Scams are very common

By: 
Brendan Heidner
Thursday, January 16, 2020
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What do you do if a relative calls claiming they are in immediate need of money so they can get out of jail? The answer is quite simple: just hang up.

Many scams are known and can usually be identified fairly quickly, but scammers continue to find new creative ways to use their cunning wit to trick their victims into giving them personal information or money.

Local residents, Tina Carter and Ava Anderson recently received odd messages in two different scam attempts.

Carter had only gone to do some research on the Internet when a supposed Microsoft alert blared at her, asking she enter her Microsoft login information. Suspicious yet unable to do anything else on her computer, Carter called the number provided in the alert.

“I immediately said, ‘is this a scam?’” Carter said. “And he asked, ‘why would you think that?’”

Listening a little longer, the caller wanted Carter to follow specific instruction to download software and login so he might fix her computer.

“I just hung up on him and waited on some customers,” Carter said.

Although she cut the phone connection, the alert on the computer would not go away. This prompted Carter to research Microsoft’s legitimate phone number - which she noted was not the same number as on the alert - and call for help.

After explaining to Microsoft what happened, they informed Carter it was a scam and all she needed to do was restart the computer to remove the alert.

“If I had given (the scammer) my information, they would have had full access to my computer,” Carter said.

Anderson received a more well known scam call.

The caller, claiming to be Anderson’s grandson started a friendly conversation with her.

“Right from the start I thought this didn’t sound right,” Anderson said.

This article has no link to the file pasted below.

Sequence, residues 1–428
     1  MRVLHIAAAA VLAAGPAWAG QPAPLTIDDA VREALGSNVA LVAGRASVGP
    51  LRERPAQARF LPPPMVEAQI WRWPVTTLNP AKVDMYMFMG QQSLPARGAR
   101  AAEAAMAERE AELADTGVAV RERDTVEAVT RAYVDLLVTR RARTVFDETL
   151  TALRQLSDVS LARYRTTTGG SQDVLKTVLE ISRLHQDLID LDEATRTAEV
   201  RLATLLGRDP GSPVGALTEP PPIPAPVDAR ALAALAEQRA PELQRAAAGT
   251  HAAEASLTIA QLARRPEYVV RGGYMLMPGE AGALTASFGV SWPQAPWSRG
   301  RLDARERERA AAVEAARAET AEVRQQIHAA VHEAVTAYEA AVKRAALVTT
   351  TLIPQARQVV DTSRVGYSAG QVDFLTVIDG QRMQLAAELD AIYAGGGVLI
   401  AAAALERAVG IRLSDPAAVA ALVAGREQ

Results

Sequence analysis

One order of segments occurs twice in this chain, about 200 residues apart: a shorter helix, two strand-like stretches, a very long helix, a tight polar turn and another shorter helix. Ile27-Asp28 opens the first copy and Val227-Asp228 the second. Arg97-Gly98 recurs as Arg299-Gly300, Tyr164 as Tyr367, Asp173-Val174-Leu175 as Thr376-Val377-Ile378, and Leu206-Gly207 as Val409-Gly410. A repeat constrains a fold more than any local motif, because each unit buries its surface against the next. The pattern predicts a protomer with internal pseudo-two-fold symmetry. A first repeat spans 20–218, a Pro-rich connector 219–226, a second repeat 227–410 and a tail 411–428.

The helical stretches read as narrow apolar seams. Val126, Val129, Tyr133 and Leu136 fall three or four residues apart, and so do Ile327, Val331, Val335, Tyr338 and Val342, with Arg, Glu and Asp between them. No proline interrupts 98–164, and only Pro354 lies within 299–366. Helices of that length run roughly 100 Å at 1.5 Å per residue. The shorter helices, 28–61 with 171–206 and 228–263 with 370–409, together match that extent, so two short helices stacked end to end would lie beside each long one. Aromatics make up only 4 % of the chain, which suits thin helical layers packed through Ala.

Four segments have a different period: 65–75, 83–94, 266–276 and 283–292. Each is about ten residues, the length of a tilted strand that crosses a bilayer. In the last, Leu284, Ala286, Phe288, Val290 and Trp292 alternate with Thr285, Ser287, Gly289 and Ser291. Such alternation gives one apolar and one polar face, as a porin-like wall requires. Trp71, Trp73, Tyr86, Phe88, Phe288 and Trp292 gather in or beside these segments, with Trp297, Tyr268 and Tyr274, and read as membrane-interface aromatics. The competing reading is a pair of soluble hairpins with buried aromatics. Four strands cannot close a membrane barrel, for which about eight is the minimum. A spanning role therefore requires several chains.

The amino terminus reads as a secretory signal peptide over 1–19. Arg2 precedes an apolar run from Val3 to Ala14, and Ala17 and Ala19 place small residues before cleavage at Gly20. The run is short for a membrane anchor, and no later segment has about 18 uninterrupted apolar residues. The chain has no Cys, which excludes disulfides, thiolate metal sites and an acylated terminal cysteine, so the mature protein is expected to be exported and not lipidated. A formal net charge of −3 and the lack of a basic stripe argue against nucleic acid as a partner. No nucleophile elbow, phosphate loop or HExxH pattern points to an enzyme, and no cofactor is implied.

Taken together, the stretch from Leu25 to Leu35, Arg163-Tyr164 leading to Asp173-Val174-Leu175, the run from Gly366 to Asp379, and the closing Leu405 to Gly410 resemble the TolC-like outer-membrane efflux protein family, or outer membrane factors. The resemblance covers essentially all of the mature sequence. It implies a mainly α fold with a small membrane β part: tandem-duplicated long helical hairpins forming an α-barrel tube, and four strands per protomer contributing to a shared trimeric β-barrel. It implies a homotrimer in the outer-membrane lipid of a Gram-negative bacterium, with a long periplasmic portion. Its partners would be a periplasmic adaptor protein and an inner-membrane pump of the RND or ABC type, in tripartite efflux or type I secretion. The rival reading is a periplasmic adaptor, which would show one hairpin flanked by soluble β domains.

The caller wanted Anderson to keep a secret from his parents and help him out. He claimed he was ill and needed to go see a doctor, so a friend was taking him and they ended up in jail after being picked up by law enforcement because his friend had no license and had drugs present in the vehicle. His reason for calling was to get bond money in order to get out of jail.

“I thought, ‘oh boy, this is getting good,’” Anderson said.

Understanding it was not her actual grandson, Anderson took a little bit of time to engage in the conversation. She told the caller she could not send the money he had requested due to the fact she was going on a trip and needed the money herself. Anderson advised the caller he go ask his parents for help.

Still adamant that Anderson send the money to him for the bond, she asked one question that ended the scam.

“I asked him, ‘who are your folks?’” she said. “Then they hung up.”

Carter’s and Anderson’s stories are only two examples of the hundreds of scam attempts that run rampant - not to mention thousands across the United States - everyday.

“These scams happen a hundred times a day probably just in our community,” Glendive Police Chief John Hickman said.

Mid-Rivers’ Chief Communications Coordinator Erin Lutts mentioned a national analysis done by Hiya - a company whose tools help identify and block unwanted calls - shows 56.4 billion scam calls made in 2019 which went up 108 percent from 2018.

Scams are “tricky” for the police department as the scam calls - otherwise known as “robocalls” - come from computer generated numbers, deeming them untraceable. This is particularly dangerous if someone ends up giving information to the caller.

“Once you give the information, it’s too late,” Hickman said. “There is nothing we can do to stop it.”

Unfortunately there is currently no problem ending solution to scams, but there are ways to mitigate the impact they have on victims.

If a “robocall” is answered, Hickman and Lutts both relayed the importance of never giving out any personal information to the person on the other line.

The best way to identify whether it is a scam or not is if the caller asks you

for money or verification of any personal information such as “passwords, PIN numbers, social security numbers or any other sensitive information.”

“No legitimate company, including the IRS...calls and gets your social security number over the phone,” Hickman said.

Even if you do not give sensitive identification information out, Lutts noted a simple verbal agreement to the caller’s questions can be recorded and used as consent for anything or to target and fool relatives.

“The best thing to do is just hang up on the people that are calling you and not give them anything,” Hickman said. “If you think you have a problem with your credit card, or you think you have a problem with the IRS, hang up and call (them) because you know who you are dialing.”

Lutts said anyone can help with the enforcement of “robocalling” laws and “robocall” blocking by filing reports at www.consumercomplaints.fcc.gov or by phone at 1-888-225-5322.

Ultimately remember this when dealing with suspicious messages of any kind: “If you think it is wrong, it probably is,” Hickman said.

Reach Brendan Heidner at news@rangerreview.com.

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